To determine the efficacy of magnetic stimulation (MS) in female patients with stress urinary incontinence (SUI) by performing a meta-analysis on peer-reviewed randomized controlled trails (RCTs).
PubMed, Embase, and Cochrane library were retrieved for any peer-reviewed original articles in English. Databases were searched up to July 2018. Included studies investigated effects of MS on SUI. The data were analyzed by review manager 5.3 software (Cochrane Collaboration, Oxford, UK).
A total of 4 studies involving 232 patients were identified and included in present meta-analysis. Compared with the sham stimulation, the MS group had statistically significantly fewer leaks/3 days (MD = -1.42; 95%CI: -2.42 to -0.59; P = .007), less urine loss on pad test (g.)/24 h (MD = -4.99; 95%CI: -8.46 to -1.53; P = .005), higher QoL scores (MD = 0.42; 95%CI: 0.02-0.82; P = .009), and lower ICIQ scores (MD = -4.60; 95%CI: -5.02 to -4.19; P < .001). MS presented higher cure or improvement rate, with a statistically significant improvement in UDI and IIQ-SF scores compared to sham stimulation. No MS-related adverse effects were reported in study.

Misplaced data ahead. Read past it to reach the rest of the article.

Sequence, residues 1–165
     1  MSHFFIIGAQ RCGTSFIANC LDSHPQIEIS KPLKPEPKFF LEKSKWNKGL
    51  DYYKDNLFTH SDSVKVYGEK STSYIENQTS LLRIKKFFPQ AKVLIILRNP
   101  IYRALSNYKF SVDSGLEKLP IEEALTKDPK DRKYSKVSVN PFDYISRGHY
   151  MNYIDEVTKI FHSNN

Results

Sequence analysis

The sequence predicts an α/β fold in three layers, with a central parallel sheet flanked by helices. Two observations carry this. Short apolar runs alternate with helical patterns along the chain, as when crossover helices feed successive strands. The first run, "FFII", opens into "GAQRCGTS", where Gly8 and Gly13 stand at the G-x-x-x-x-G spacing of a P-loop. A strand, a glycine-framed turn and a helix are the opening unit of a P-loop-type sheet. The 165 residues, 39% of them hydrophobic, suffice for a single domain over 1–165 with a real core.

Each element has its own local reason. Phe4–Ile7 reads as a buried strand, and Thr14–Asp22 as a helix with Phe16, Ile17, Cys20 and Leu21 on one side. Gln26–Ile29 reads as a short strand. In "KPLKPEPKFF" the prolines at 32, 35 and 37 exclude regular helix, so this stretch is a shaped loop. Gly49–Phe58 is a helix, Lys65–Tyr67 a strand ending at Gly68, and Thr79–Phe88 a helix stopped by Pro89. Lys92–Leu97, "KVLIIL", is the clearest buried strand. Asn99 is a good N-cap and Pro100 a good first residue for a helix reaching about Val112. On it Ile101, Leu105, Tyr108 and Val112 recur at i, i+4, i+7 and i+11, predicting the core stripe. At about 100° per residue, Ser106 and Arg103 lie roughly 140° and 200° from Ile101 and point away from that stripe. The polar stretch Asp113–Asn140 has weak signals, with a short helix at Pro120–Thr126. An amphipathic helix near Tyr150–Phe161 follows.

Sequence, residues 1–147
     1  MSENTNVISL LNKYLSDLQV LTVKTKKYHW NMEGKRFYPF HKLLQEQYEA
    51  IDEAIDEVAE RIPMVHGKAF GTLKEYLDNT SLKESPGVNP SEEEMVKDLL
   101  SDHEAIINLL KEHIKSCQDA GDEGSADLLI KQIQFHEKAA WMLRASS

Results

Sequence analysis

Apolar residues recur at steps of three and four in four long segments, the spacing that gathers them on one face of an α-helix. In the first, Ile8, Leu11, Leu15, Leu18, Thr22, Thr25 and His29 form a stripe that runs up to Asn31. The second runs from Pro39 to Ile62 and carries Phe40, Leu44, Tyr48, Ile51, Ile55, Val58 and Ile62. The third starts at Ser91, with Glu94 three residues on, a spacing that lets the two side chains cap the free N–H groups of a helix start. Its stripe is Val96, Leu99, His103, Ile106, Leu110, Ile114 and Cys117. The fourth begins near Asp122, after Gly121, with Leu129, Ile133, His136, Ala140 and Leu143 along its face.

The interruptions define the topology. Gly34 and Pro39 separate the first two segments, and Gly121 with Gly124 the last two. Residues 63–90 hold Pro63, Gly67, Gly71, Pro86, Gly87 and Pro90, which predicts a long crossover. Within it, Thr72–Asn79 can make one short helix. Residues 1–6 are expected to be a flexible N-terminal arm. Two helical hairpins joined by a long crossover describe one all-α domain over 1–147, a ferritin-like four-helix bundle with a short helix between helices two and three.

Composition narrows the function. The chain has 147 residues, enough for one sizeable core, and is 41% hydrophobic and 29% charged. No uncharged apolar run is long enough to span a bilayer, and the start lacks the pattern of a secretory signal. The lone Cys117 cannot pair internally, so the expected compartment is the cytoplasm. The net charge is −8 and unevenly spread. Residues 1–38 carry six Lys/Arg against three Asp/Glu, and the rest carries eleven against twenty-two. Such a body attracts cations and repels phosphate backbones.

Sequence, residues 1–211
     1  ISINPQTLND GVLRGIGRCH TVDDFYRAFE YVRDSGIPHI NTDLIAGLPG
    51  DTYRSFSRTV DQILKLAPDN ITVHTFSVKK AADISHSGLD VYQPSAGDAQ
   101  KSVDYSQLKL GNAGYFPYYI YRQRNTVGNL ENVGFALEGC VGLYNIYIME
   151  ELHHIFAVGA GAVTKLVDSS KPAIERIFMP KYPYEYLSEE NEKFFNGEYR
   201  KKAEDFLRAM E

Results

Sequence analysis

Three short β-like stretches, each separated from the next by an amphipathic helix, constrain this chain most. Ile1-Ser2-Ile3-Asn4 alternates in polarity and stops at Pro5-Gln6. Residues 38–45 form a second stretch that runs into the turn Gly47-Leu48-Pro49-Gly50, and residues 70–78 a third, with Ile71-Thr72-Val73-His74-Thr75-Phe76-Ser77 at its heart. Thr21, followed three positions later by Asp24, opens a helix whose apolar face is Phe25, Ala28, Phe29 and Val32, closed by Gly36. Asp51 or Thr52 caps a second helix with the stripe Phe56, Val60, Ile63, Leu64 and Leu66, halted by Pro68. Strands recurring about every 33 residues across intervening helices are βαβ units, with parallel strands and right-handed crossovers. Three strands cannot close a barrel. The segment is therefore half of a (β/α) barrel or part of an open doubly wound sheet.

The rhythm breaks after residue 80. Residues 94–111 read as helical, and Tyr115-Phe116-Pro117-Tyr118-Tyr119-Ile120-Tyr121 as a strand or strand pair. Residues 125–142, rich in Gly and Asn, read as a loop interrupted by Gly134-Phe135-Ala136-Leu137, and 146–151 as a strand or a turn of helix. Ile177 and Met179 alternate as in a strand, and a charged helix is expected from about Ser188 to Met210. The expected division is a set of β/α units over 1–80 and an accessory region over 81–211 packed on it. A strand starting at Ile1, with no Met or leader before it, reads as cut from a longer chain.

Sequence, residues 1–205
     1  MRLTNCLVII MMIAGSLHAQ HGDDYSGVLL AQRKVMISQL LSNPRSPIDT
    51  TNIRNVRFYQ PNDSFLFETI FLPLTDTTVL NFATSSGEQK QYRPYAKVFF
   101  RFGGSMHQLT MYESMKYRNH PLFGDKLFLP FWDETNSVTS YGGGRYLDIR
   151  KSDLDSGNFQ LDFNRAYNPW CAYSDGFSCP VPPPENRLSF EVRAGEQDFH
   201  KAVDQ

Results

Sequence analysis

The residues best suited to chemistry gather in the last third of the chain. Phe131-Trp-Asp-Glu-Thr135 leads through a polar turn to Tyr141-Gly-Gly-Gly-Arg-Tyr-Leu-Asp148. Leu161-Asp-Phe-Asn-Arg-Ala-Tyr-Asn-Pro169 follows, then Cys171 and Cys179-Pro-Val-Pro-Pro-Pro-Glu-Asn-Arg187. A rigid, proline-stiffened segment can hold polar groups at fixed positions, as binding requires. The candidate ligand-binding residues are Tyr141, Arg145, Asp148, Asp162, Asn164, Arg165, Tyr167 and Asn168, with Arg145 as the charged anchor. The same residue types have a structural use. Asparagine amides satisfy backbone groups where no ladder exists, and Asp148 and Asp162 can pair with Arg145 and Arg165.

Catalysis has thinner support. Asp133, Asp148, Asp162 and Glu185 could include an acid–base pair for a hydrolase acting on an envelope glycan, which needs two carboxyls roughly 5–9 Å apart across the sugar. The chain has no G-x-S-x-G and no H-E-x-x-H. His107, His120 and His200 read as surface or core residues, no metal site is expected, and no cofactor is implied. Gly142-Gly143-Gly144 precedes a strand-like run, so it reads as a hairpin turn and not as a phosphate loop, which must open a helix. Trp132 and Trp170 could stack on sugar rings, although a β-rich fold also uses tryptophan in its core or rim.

MS leads to an improvement in SUI without any reported safety concerns and an improvement in patient quality of life. The long-term outcome of this technique remains unclear and is the subject of ongoing research.
Medicine. 2019 May [Epub]
Liao Peng, Xiao Zeng, Hong Shen, De-Yi Luo
Department of Urology, Institute of Urology, West China Hospital, Sichuan University, Chengdu, Sichuan, PR China.